Sprint today announced another one of its “flash deals,” this time offering its unlimited service for $25 per month.
“For a limited time, customers who switch to Sprint and bring their own phone, or buy a new one outright, are eligible,” the carrier wrote. Sprint said that customers must bring their smartphone or buy a new one from Sprint, at full price, and must bring their number from another wireless carrier. The carrier said there is no annual contract, videos streams are throttled and customers must have AutoPay.
The offer is similar to a promotion Sprint ran in June. Sprint for a week offered $15-per-month unlimited data with the goal of winning a certain number of new customers, and described response to the promotion as overwhelming and exciting.
Sprint's new CEO, Michel Combes, outlined the carrier's new promotional and digital sales strategy during the operator’s earnings conference call with investors. “We strongly believe in the digital platform to boost sales going forward,” Combes said earlier this month.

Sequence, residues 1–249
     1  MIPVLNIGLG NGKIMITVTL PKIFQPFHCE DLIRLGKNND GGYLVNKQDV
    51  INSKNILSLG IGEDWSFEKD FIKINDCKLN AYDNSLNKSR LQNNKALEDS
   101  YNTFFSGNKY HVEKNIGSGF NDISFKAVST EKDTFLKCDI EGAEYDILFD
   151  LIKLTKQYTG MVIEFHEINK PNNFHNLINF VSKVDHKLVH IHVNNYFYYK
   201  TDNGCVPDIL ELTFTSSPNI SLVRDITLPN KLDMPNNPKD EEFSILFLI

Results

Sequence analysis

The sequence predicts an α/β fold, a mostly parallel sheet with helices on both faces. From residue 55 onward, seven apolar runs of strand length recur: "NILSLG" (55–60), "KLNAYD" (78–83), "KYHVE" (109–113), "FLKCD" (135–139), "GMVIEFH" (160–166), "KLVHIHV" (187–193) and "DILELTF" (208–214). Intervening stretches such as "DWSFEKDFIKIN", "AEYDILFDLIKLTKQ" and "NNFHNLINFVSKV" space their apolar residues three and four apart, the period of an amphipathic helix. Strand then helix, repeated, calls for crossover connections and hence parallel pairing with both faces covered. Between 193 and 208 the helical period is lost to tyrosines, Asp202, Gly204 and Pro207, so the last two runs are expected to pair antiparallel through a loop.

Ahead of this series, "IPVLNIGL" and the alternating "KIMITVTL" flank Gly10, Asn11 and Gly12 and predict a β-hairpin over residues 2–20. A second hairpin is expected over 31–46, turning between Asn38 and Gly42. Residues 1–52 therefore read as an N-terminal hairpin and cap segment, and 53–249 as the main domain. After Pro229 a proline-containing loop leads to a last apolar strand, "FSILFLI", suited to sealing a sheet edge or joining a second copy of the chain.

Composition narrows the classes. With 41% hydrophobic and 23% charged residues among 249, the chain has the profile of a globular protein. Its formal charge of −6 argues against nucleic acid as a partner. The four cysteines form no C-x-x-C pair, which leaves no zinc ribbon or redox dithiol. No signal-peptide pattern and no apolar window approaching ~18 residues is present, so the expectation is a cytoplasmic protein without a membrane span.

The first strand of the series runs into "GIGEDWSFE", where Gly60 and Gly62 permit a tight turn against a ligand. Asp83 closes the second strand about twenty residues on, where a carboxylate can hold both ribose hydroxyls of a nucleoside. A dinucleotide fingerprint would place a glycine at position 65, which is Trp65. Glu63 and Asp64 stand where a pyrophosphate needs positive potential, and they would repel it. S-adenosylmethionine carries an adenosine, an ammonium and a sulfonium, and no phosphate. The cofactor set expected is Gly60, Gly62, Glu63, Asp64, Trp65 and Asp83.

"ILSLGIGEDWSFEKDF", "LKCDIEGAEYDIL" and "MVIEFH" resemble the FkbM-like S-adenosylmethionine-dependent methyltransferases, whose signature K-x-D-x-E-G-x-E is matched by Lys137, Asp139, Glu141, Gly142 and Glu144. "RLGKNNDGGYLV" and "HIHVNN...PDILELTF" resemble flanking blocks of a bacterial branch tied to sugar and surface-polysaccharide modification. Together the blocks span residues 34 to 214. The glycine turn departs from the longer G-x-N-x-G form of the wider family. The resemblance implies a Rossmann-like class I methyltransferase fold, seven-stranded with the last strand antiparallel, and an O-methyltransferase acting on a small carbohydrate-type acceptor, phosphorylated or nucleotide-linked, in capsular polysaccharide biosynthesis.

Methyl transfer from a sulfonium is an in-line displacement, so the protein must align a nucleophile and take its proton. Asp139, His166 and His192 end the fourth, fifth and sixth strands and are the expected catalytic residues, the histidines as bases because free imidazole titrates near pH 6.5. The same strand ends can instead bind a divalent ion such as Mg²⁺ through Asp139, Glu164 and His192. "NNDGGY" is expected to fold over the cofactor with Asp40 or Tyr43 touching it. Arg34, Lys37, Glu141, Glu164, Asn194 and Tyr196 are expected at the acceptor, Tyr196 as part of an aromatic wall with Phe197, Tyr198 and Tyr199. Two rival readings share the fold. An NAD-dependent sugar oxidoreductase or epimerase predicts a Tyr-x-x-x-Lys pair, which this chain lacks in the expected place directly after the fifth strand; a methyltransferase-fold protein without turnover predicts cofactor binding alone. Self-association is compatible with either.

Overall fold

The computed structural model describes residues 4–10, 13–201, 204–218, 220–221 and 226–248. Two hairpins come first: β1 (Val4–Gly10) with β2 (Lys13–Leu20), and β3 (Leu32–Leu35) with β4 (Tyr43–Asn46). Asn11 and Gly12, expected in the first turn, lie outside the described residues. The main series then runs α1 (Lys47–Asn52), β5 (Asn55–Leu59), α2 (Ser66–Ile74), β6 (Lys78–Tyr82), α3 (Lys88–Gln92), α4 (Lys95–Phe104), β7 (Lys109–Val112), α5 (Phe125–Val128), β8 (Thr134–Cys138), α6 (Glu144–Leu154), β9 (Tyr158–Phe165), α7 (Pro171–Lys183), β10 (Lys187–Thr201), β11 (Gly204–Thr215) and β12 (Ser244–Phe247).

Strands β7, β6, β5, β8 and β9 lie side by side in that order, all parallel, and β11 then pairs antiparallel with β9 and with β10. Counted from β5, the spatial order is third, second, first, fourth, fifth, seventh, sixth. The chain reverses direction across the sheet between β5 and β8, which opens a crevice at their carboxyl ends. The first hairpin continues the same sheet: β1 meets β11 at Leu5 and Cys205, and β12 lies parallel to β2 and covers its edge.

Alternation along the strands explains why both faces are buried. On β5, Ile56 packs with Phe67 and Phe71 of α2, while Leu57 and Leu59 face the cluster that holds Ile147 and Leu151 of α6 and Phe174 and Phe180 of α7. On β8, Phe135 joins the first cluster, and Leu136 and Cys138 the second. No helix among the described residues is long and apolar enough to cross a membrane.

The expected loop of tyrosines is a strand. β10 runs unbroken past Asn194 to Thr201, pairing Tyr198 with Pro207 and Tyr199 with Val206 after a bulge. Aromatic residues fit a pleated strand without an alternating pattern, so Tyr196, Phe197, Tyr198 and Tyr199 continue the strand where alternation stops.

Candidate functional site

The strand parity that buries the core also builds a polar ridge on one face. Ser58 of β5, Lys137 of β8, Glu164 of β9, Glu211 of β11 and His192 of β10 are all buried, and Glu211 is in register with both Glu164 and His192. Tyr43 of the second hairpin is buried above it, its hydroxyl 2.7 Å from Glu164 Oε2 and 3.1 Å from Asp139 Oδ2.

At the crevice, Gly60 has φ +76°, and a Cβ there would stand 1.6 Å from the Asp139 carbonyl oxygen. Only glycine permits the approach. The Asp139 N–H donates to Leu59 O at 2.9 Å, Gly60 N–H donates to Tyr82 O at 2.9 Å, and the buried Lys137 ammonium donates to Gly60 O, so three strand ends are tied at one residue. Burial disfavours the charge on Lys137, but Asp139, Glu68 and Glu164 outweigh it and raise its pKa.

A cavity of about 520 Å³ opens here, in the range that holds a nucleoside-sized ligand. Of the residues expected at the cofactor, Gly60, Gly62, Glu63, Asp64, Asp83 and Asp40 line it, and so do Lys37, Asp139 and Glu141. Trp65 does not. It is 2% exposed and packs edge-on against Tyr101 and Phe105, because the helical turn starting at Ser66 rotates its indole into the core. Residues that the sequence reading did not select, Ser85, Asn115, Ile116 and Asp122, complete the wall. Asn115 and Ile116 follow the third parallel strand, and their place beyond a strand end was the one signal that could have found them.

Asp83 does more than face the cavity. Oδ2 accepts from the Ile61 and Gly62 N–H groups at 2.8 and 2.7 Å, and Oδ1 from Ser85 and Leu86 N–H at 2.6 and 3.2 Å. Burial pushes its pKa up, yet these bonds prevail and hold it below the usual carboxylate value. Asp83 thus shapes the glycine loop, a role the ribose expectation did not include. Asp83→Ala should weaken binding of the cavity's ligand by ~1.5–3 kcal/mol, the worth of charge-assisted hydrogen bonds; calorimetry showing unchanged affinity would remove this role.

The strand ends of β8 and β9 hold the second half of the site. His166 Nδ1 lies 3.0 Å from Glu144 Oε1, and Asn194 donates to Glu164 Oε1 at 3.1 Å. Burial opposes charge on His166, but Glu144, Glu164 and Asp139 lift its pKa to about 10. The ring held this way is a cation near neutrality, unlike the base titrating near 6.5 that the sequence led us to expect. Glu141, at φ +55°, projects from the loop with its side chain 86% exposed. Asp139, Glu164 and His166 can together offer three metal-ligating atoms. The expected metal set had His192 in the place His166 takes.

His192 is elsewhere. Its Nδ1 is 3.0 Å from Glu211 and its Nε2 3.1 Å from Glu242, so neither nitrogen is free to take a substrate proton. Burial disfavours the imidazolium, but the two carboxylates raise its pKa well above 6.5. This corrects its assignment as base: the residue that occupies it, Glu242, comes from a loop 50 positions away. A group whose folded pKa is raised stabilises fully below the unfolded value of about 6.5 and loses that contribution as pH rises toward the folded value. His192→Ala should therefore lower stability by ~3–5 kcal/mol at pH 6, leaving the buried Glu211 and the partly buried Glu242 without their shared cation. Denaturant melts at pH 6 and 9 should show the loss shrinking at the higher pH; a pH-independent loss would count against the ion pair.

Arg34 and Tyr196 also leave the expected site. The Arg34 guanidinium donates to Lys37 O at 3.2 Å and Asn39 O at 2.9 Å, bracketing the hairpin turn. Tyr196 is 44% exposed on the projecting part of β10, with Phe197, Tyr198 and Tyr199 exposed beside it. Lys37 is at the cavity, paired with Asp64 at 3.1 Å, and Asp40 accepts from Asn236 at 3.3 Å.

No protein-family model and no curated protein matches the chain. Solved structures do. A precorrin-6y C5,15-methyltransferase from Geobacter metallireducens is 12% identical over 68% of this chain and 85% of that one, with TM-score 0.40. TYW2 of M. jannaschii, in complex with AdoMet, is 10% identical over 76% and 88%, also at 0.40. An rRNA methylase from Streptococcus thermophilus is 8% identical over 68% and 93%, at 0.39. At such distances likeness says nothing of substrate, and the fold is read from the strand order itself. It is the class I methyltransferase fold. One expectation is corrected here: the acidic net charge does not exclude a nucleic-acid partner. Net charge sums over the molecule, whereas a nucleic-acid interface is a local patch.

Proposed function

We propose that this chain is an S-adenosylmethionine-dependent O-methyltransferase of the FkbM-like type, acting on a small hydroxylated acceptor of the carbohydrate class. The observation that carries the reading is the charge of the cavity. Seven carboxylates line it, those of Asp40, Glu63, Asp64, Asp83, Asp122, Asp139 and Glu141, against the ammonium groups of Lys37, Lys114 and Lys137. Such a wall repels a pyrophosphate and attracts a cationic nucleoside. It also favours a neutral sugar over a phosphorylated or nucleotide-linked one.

Combes explained that Sprint’s weeklong offer of unlimited services for $15 per month was essentially a test of Sprint’s digital-only sales channel.
"The goal for us was really to test our digital capabilities,” Combes said. "It was in the market only one week, and it was only to test digital capabilities. So, it was clearly not a material driver of results for the quarter. That was not the intent. That was not the aim."
He added: "The digital channel is a great channel to address price-conscious customers as they want convenience in order to accept our service offerings. … So, this delivered us good insight moving forward for how to leverage this digital channel. That was the aim, and that's what we've done."
Combes said Sprint’s digital-only sales channel is one prong of the company’s efforts to continue to cut costs.
Sprint's “flash deal” of unlimited service for $25 a month comes amid a variety of pricing changes from the carrier’s rivals in the unlimited space. For example, T-Mobile recently introduced a cheaper tier of its unlimited service, while both AT&T and Verizon also offered new unlimited pricing tiers.